Investors Pile Into Newer Resources ETFs


High-yield and low-volatility funds attract all the attention, but gobs of net new money has flowed into natural resources ETFs in 2012, lifting total ETF assets focused on the theme to more than $3 billion.

Themes like natural resources hold appeal as a twist on sector investing. They rely on top-down macro views like sector funds, but they bring their own investment thesis to the table. In other words, they're not just building blocks for investors to fit into their own macro views.

The investment thesis for natural resources is a mix of indirect commodity exposure, inflation hedging and price appreciation, all underpinned by exposure to long-term global demand for the raw materials necessary to meet the end needs of a growing world population.

The funds use equity exposure to commodities rather than more direct exposure in the name of simplicity. After all, getting exposure with futures or by holding physical commodities leads to complexities like contango from futures curves and K-1 tax forms that commodity pool structures require.

The trade-off is generally weaker correlation to commodity prices-the difference between spot gold prices and gold miner stocks being one of the most obvious examples.

Broad commodities this year have given investors a wild ride without much to show for it. Recent reports of oversupply may have some investors questioning whether a natural resources play makes sense now. But some savvy commodity players buy on the dip, and the natural resources play I'm talking about here is a long-term one.

Fund issuers can doubtless make a more compelling case for natural resources than I have here. Indeed, asset flows into the space suggests they've done just that, and that investors are buying the pitch.

Theme And Variation

4 funds YTD

GUNR leads with gains of 6.8 percent, closely followed by the Market Vectors RVE Hard Assets Producers (NYSEArca:HAP) at 6.7 percent. GNR and IGE meanwhile returned 4.7 percent and 0.7 percent, respectively.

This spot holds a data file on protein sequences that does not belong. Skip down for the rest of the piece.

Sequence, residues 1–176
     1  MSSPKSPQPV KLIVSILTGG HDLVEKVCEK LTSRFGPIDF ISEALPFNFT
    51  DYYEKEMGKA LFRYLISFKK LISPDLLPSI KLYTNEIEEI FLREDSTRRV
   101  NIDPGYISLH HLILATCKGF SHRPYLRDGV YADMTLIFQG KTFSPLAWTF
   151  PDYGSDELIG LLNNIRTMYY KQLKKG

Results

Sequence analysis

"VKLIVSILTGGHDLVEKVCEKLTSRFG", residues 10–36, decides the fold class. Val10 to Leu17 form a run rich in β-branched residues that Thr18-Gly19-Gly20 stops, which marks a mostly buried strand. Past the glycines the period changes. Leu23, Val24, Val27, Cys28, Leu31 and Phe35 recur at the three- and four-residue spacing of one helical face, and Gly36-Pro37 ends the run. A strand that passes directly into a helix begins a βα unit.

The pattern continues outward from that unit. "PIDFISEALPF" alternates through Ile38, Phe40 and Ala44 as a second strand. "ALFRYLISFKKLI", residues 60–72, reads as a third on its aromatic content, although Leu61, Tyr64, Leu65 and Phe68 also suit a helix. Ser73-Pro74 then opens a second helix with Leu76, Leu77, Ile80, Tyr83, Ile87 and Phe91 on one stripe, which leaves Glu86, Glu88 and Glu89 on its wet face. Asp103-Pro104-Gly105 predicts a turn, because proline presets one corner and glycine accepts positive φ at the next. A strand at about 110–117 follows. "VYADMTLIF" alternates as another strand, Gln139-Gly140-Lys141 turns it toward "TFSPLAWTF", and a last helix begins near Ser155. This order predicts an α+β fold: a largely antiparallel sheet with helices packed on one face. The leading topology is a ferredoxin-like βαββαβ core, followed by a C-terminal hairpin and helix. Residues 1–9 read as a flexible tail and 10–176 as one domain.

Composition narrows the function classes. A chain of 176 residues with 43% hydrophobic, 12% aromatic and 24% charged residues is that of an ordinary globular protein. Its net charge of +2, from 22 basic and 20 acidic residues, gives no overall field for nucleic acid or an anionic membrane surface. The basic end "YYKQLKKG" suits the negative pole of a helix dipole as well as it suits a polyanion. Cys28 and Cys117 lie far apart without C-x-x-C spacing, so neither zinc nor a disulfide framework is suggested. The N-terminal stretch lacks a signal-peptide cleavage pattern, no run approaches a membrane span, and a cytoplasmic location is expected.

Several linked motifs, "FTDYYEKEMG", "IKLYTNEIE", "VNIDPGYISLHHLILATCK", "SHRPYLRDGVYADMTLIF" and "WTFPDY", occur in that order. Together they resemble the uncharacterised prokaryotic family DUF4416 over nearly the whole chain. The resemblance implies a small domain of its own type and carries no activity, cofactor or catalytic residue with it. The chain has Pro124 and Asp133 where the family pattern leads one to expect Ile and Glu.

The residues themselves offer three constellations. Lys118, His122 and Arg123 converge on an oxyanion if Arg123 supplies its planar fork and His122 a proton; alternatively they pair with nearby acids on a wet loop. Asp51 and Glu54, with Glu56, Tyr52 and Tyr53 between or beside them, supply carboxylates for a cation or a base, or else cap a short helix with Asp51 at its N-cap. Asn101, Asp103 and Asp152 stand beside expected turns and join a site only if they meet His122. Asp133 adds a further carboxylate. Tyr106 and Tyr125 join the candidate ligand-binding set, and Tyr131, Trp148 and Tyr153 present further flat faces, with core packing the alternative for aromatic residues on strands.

The 6-percentage-point difference between the best and worst performers of the group matters of course, but two other points stand out. First, the funds' patterns of returns don't vary wildly from each other; and second, all four funds show lots of volatility.

Some further context would help.

Here are the same four funds over the same period with two reference points thrown in:a U.S. equities proxy, the SPDR S&P 500 ETF (NYSEArca:SPY), and a broad commodities proxy, the PowerShares DB Commodity Index Tracking Fund (NYSEArca:DBC).

4 funds YTD SPY DBC

Again, my focus is on the pattern of returns rather than the finish line. Over the longer term, the two natural resources funds look less like commodities. What's more, they look quite volatile, though they have more upside than commodities.

My takeaway here is twofold. Firstly, the global resources theme really does appear to deliver something quite different from both commodities and broad equities in the longer term. Secondly, the theme's volatility should be part of your decision to even wade in here.

But this much is totally clear:There's good news here in that strong investor interest in GUNR and GNR makes them viable options, with lower trading costs and greatly reduced fund closure risk.

At the time this article was written, the author had no positions in the securities mentioned. Contact Paul Britt at

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The views and opinions expressed herein are the views and opinions of the author and do not necessarily reflect those of The NASDAQ OMX Group, Inc.

This article appears in: Investing , ETFs

Referenced Stocks: DBC , GNR , HAP , IGE , SPY



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